During the Christmas Mass in Rome in 800, Pope Leo III placed a crown on Charlemagne’s head, and the inhabitants of Rome acclaimed Charlemagne as their emperor. There had been no Emperor in western Europe for more than 300 years. Charlemagne shared special ties with Europe, and his connection with Europe continued well beyond his death. How?
The Charlemagne Prize
The annual Charlemagne Prize was created in 1950 by the German city of Aachen, located on the border with Belgium and the Netherlands, to honor those who worked to foster western European understanding.
In 1990, as the Warsaw Pact and then the Soviet Union were disintegrating, Aachen broadened the criteria for winning. Since then, the prize has honored those who worked for the ‘overall unification of the peoples of Europe’—not just western Europe anymore, but all Europe.
Among those who have been given this award are Winston Churchill, Emmanuel Macron, Henry Kissinger, Bill Clinton, Pope Francis and the entire population of Luxembourg—a rather eclectic list.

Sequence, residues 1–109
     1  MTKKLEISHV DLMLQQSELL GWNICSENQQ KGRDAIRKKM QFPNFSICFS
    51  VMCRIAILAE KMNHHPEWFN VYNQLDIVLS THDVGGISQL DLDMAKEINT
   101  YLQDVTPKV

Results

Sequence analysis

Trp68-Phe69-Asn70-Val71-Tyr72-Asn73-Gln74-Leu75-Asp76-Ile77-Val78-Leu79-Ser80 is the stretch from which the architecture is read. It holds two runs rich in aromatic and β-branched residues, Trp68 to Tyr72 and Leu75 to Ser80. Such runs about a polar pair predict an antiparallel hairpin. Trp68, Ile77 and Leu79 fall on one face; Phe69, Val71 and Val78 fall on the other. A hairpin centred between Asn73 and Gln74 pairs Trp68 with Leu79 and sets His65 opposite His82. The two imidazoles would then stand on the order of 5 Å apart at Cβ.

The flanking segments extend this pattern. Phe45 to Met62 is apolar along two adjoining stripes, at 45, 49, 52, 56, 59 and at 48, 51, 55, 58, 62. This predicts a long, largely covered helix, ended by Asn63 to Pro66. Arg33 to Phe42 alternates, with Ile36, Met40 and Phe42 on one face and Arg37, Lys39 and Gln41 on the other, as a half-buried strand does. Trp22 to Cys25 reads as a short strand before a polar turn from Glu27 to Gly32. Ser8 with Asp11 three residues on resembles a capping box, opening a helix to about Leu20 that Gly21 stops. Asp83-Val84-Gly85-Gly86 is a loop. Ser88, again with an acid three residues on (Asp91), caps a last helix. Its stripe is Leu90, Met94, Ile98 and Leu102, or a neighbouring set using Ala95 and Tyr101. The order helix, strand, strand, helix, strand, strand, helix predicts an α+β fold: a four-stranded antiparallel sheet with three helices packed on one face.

This is a transcript from the video series Charlemagne: Father of Europe. Watch it now, on Wondrium.
Connection with Europe
The city of Aachen and Charlemagne had close historical ties. Aachen was his favorite residence late in life; he built his most famous palace there.
Aachen’s post-World War II invocation of Charlemagne was not unique to that city. Today, several departments of the European Commission (which constitutes the executive branch of the European Union) are housed in the European Commission Charlemagne Building, built in Brussels in 1967. Two years after moving into their Charlemagne building, the European Commission itself won the Charlemagne Prize.
In September 1944, Germany’s ruling Nazi party organized the Waffen Grenadier Brigade of the SS Charlemagne. The SS Charlemagne consisted primarily of French volunteers; after the war, these volunteers stated that they had served in the SS Charlemagne because they loved and wanted to defend Europe. Admittedly, these retrospective justifications might have been intended to obscure other motives. Nonetheless, the fact that veterans of the SS Charlemagne offered the ‘love of Europe’ as a plausible explanation for their service is evidence of how, more than one thousand years after Charlemagne’s death, people across the political spectrum linked him and Europe.